11 Magical Things We Learned on the Set of 'Mary Poppins Returns'
After 54 years, the wait is finally over.
Disney dropped the latest"Mary Poppins Returns" trailer this week, giving viewers some much-anticipated new insights into the world of the Banks family years after the magical nanny flew out of their lives. And if this preview is any indication, we won't need a spoon full of sugar for this medicine to go down.
In the spring of 2017, Moviefone was invited to the set at Pinewood Studios in London, England. We were able to speak with producer Marc Platt, production designer John Myhre, costume designer Sandy Powell, actress Emily Blunt, and actor Lin-Manuel Miranda to learn exciting details about the new twist director Rob Marshall is putting on the old classic. Here are 11 must-know facts from our visit across the pond:
1. "Mary Poppins Returns" Is a True Sequel in Every Sense
The follow up takes place over 20 years after the original film, and pulls story elements from several of the seven follow-up books in the P. L. Travers "Mary Poppins" series. Despite the cheery nature of the film, it takes place in Depression-era London, following a grown-up Jane and Michael Banks (Emily Mortimer & Ben Whishaw), and Michael's three children.
Michael's life further mirrors his father's, working at Fidelity Fiduciary Bank under Mr. Dawes, Jr. (Dick Van Dyke) and the bank's president, William Weatherall Wilkins (Colin Firth). When Mary Poppins (Emily Blunt) reenters their lives, she has not aged since we last saw her. She herself "lives outside of time" as explained by Marc Platt. Poppins returning via kite follows the opening events of the second book "Mary Poppins Comes Back."
2. The New Banks Kids Will (Mostly) Be The Focus
Yes, Michael Banks is down on his luck, but Mary Poppins is truly there to take care of the new Banks batch (twins Annabel and John Banks, as well as youngest brother Georgie Banks, played by Pixie Davis, Nathanael Saleh, and Joel Dawson). Their adventures are aided by friendly neighborhood lamplighter Jack (Lin Manuel Miranda), and takes them everywhere from the animated "Royal Doulton Music Hall" inside a ceramic bowl to deep beneath the sea via bathtub.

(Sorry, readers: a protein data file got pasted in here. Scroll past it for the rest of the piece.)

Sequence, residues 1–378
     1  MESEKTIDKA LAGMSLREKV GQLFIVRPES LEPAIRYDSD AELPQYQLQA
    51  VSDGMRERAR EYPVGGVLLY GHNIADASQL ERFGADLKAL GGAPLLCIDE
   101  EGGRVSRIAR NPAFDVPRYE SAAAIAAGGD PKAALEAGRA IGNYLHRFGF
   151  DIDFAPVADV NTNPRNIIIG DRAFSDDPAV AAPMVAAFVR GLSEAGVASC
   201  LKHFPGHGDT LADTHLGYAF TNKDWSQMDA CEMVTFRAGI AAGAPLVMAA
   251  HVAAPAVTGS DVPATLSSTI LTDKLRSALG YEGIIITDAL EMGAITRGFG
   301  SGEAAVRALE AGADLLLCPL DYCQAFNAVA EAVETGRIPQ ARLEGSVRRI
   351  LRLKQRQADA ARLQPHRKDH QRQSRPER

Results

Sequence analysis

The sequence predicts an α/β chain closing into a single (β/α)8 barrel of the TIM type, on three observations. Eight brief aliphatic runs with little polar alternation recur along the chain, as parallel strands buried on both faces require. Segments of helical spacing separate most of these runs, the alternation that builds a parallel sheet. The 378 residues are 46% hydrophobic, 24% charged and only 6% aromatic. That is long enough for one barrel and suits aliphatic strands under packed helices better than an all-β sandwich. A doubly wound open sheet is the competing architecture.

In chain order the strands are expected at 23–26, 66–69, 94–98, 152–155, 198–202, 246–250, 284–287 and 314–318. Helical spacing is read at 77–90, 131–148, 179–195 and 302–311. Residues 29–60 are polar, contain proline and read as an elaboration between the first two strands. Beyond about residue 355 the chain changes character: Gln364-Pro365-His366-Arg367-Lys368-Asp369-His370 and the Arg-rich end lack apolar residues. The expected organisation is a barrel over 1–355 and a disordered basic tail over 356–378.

The producers described it as a "healthy dose of childhood." Not to say that the film won't follow the escapades of it's supporting characters, which include....
3. Meryl Streep Basically Plays Ms. Frizzle
Well, not really, but the aesthetic is definitely there. Meryl Streep joins this epic story as Topsy, the wacky cousin of Mary Poppins.
Her flowing dress and necklace made of colored pencils accentuate a zaniness best exemplified in "Topsy's Upside Down Room," a living space that defies gravity. They execute this in the most literal sense. The whole room was built right side-up with everything secured to the floor, then completely flipped. Its taxidermy, ancient statues, and other vintage hardware make the whole thing feels like an antique store on steroids. We're very much here for it.
Similar to the kite entrance, most of Topsy's story is pulled from the second "Mary Poppins" novel.
4. There's More Practical Effects Than You Might Think
In addition to "Topsy's Upside Down Room," many of the street and set pieces were built physically as well, with the hope of creating "a world within a world." The vibrant colors of their clothes during the animated sequences were actually achieved in part by costume designer Sandy Powell directly painting onto white clothing. They attempted to match the same visual of Cherry Tree Lane, all the way up to Admiral Boom's nautical home.
While paying homage to the style of the first film (they built out a full animation map for the park sequence), the film stands apart with a well executed and fun vision.
5. Lin-Manuel Miranda's Character Is A "Protégé" of Bert
Despite the jokes surrounding Dick Van Dyke's previous attempt at a British accent, "Hamilton" star Lin-Manuel Miranda will be giving it a go as Jack, a local lamplighter (sometimes called a "leerie") who is a "protégé" of Bert from the previous film. He is aware of the existence of Mary Poppins, and thus is the perfect companion for her and the Banks children.